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I’ve never handled concrete before, except in the small amounts required to set a fence post, but I’d really like to pour a short walkway extension in my back yard.  A little Googling this morning turned up this how-to over on DoItYourself.com.  It looks pretty thorough, but I wondered if maybe any of you had found better information.

Am I wrong in thinking that planning is going to be one of the most difficult parts of this project?

(Thanks to rkimpeljr for this great CC-licensed photo.)

How To Pour Concrete [DoItYourself.com]

 

7 Responses to How To Pour Concrete

  1. Ray says:

    For jobs like this metered concrete is nice. (This was not listed in the options in the DIY article) A truck comes to you house with all the components for concrete housed in separate bins on the truck. The material is then mixed and dispensed as you need it. This is nice for small jobs because you are paying for what you use. Around here transit mixers (the trucks with the big rotating drum) charge you for a full truck minimum price (10 or 12 yards). Transit mixers (at least in my area) will also want to dump any excess and wash down the truck before leaving your site. This is one thing at a construction site but can get a little messy in your back yard.

    A google search of metered concrete in your zip code will likely turn up local suppliers.

  2. Roscoe says:

    I’ve never heard of the “metered” option, but it sounds interesting.

    If you’re going the traditional route, I highly recomend enlisting a buddy with experience to help day of pour. You’ll want to know what you want and how much of it when you call for a truck. Also, most plants are only open Saturday mornings in the summer. Don’t wait for fall and try and get concrete on the weekend.

  3. Michael W. says:

    Planning is very important if you’re going the transit route. Nothing sucks more for everybody involved than having a truck that can’t reach the pour site (because of location, cars in the way, etc.).
    I ditto the suggestion to find a knowledgeable friend. Having more help is better than having less help.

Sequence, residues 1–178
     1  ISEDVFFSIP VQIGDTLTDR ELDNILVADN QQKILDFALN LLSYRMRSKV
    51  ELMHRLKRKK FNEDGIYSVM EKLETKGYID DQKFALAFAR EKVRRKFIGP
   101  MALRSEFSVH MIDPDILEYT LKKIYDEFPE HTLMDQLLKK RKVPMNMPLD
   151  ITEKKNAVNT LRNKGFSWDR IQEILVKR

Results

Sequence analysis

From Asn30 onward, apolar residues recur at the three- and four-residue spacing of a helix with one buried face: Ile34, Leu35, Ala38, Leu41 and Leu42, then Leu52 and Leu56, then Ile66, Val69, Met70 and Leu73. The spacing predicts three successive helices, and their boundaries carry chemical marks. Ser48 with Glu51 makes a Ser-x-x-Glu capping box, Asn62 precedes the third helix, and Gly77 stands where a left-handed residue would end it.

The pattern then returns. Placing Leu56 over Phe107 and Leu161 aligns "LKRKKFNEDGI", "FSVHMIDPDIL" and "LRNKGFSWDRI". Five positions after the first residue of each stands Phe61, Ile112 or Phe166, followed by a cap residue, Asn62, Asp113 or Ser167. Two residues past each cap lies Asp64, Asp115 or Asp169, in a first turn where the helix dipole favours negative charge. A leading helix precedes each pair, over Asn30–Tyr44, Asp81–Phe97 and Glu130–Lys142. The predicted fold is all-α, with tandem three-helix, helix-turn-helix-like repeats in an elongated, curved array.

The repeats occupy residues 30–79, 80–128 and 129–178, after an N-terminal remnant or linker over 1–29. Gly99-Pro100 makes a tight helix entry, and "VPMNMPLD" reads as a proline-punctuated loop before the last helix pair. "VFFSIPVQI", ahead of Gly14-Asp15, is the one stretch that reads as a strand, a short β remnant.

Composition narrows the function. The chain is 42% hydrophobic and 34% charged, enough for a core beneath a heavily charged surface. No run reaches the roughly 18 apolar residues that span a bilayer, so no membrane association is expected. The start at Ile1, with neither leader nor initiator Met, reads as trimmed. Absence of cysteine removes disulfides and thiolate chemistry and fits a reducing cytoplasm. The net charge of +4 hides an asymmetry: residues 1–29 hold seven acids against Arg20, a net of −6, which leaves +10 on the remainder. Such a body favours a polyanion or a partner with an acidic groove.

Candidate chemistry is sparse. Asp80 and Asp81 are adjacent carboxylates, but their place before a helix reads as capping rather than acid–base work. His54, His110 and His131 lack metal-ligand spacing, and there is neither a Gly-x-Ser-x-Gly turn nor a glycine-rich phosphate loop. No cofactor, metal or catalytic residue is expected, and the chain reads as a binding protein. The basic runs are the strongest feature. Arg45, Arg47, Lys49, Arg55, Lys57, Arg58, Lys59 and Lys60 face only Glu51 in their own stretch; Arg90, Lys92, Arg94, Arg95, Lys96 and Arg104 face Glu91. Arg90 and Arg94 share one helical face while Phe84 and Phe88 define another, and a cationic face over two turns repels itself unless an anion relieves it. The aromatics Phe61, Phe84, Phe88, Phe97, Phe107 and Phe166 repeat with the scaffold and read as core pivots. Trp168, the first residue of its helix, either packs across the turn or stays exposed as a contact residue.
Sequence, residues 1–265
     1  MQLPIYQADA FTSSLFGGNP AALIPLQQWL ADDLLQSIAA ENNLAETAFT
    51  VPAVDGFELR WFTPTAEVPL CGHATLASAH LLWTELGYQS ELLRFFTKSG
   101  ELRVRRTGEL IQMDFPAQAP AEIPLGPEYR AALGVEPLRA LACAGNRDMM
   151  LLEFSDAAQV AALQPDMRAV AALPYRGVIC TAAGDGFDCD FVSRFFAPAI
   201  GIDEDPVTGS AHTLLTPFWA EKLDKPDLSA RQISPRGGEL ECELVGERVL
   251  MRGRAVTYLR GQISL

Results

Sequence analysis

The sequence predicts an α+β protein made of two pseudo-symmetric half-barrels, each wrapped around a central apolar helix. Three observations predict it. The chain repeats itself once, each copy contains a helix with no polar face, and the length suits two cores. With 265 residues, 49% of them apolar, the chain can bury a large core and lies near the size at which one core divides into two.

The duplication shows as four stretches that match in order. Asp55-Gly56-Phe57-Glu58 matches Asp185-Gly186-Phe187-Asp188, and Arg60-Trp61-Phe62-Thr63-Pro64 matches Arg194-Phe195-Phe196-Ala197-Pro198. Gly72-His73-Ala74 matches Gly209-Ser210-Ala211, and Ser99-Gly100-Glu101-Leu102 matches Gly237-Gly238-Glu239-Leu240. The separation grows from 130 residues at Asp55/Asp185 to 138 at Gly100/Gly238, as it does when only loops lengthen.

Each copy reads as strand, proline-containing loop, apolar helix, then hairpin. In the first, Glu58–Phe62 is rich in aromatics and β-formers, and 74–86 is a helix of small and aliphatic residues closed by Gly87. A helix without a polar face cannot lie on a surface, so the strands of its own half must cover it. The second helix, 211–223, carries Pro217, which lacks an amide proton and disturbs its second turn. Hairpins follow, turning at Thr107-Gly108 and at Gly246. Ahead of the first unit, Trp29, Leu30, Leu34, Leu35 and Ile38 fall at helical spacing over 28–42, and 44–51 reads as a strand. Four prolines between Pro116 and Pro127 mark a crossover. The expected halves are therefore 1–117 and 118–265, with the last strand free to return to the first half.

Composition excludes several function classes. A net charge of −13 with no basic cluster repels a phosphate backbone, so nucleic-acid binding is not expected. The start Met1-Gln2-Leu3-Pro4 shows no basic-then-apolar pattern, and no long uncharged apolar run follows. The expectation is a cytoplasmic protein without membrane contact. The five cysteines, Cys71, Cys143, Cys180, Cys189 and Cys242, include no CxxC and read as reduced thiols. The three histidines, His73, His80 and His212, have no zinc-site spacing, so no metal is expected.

If you take the time to make some simple forms you can snag any extra concrete (you’re paying for all of it anyway) in a more usable form. 2’x2′ by 4″ makes a nice size paver (can be placed under an outdoor faucet to keep the area from getting muddy, also can be used under wood lawn furniture to help keep the rot down).

    Last, but not least, take video – that way if something goes horribly awry you can YouTube the resulting footage! 😉

  4. Jim Mauser says:

    Haven’t looked at that site, but a short extension you should just pour yourself…prep and form and you are halfway there…rent a drum mixer, get portland cement (about 6 bags per yard) sand and gravel…we usually do 24 shovels of gravel, and 18 sand per bag, but you may tweak that a bit…getting Sakrete or like may be easier, but I don’t care for that so much….remember to use the edger on the edges, and a groover for control joints every 4′ or so, and brush, or wood float for a non-skid surface….that part is mostly timing…….It’s a piece of cake….good luck

  5. TL says:

    The Quikrete site isn’t bad:
    http://www.quikrete.com/AtHome/Building.asp

    My advise is to first figure out how much you need, that and accesibilty toe the site should determine your concrete source. If you’re working with the dry stuff, do yourself a favor and wear rubber gloves. If you are doing more than five or six bags of the premix, spend the $50 to rent a mixer.

  6. TL says:

    One other thing. When buying concrete in dry form, ALWAYS buy at least two bags more than you think you need. The big box home centers are very good about taking returns and nothing sucks worse than running out in the middle of the concrete project.

  7. SHOSHO says:

    REALY I’VE NEVER DOING THIS &NEVER BEEING IN ANY SITE SO I’VE NO IDEA ABOUT IT BUT I REALY WANT TO GO & I’LL DO

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